The Emperor's New Groove (G)
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This came out in 2000, and was followed in 2005 by a direct-to-video sequel, Kronk's New Groove. In 2006, there was a TV series, The Emperor's New School, which I saw a fair amount of, and liked. But I didn't see either movie until 2013. Um... so the title is obviously derived from the fable of "The Emperor's New Clothes," though personally I see practically no similiarity in the plot of the movie to that story. Actually, I seem to recall when I first heard of the movie all those years ago, it put me in mind of the Biblical story of King Nebuchadnezzar, but I don't really remember that story at all, so I'm probably way off base. I also want to say that there are movies I have rated lower than this one, even though I feel like I must have liked them a bit more than this. And I feel like I probably like the show more than the movie, even though I rate the movie higher. It's just one of those things where I have no idea how my mind works the way it does, because it makes no sense. But whatever, it's a really fun movie, so it doesn't matter.
Anyway, there's this emperor who's about to turn 18, named Kuzco (David Spade). I guess he's an Inca, or whatever. (This is all kind of weird to me because I'm under the impression that the TV series is set after the movie, but I feel like he was a couple years younger in the series, and there are various things in the show that I don't think make sense given the events of the movie, but neither the movie nor the show were particularly concerned with making sense, so whatevs.) Um... Kuzco has an advisor named Yzma (Eartha Kitt), and she has a servant named Kronk (Patrick Warburton). Kuzco isn't happy that Yzma is always trying to run the empire herself, so he fires her and Kronk. Meanwhile, Kuzco has summoned a man named Pacha (John Goodman), the head of one of the villages in his empire, for a meeting. Kuzco tells Pacha that he plans to destroy his village, in order to build a summer home on the hill where Pacha lives with his wife, Chicha (Wendie Malick), and two kids, Chaca and Tipo.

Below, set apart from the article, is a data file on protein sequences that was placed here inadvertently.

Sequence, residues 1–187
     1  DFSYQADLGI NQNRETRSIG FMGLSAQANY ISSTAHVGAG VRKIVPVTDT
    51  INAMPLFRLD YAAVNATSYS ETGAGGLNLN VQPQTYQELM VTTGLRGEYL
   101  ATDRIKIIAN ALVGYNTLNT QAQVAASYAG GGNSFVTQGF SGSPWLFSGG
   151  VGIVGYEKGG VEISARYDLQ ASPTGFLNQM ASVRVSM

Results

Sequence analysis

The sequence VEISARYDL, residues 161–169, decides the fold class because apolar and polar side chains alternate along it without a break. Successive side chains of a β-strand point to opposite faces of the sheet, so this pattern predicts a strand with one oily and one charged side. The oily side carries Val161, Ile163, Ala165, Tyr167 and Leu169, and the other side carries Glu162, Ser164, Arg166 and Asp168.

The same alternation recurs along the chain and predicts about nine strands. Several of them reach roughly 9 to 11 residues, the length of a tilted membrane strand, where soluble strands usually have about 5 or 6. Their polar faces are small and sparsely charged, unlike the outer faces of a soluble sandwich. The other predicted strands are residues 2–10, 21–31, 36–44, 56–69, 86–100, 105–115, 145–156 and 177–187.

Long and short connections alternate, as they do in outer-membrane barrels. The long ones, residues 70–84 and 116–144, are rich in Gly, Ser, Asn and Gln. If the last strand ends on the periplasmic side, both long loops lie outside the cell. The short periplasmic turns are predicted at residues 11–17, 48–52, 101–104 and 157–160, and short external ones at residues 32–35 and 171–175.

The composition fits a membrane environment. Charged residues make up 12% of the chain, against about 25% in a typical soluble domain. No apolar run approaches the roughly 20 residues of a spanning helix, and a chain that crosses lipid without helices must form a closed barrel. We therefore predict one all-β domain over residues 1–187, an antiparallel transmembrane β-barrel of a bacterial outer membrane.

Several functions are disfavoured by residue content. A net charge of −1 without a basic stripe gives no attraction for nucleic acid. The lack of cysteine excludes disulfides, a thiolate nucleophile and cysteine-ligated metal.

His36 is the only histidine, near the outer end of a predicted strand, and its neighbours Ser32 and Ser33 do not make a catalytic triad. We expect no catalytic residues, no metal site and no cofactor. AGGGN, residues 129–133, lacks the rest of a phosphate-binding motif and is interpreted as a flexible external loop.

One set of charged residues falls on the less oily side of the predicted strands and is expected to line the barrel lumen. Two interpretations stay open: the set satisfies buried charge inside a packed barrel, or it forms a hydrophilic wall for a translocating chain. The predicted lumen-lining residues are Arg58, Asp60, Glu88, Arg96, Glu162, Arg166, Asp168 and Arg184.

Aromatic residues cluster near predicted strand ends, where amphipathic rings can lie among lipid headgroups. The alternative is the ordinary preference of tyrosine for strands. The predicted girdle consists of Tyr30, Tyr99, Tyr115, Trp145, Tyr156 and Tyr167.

Later, Yzma decides to poison Kuzco, since no one else knows she's been fired, so with him gone, she'd take over the empire. (This makes more sense than it did in the series. I guess.) But Kronk ends up giving Kuzco the wrong potion by mistake, and the emperor turns into a llama instead of dying. Kronk is supposed to take him out and kill him anyway, but the llama ends up on Pacha's cart, and is unwittingly taken back to Pacha's village. After getting home, Pacha finds the talking llama, who wants him to take him back to the palace, so Yzma can turn him human again. (They have no idea she's the one who turned him into a llama in the first place.) Pacha wants Kuzco to promise to build his summer home somewhere else, but Kuzco refuses. Because ever since he was a baby, he's gotten everything he wants, and seems unable to comprehend that what anyone else wants matters in the slightest. Everyone should just do whatever he wants without question, no matter the inconvenience to themselves. So, Pacha refuses to take him back to the palace, and Kuzco tries to find his own way home. But it's through a jungle full of tons of dangers, and since Pacha is such a nice guy, he eventually helps Kuzco out, anyway.
That's all I really want to reveal of the plot, but you can probably make a reasonable assumption about how it all ends, this being a Disney movie, and all. But while the basic formula of the plot is predictable enough, most of the stuff that actually happens in the movie is fairly uncommon. Some of it is pretty dark, but other stuff is just redonkulous. It really is a hilarious movie, and lampshades all sorts of movie tropes. It's brilliant, I tell you, brilliant! Some of the most brilliant madness I've ever seen. Oh, there's also a squirrel named Bucky (Bob Bergen), who talks in squirrel language (which only Kronk understands). And actually the squirrel isn't named Bucky, that seems to be something Kuzco calls him as a random insult. But I think that's what everyone calls him in the TV series. In any event, Bucky is only of minor importance to the story. Also I should mention that Tom Jones does the movie's theme song (which involves a bit of fourth-wall-breaking, a trope of which the movie is chock-full).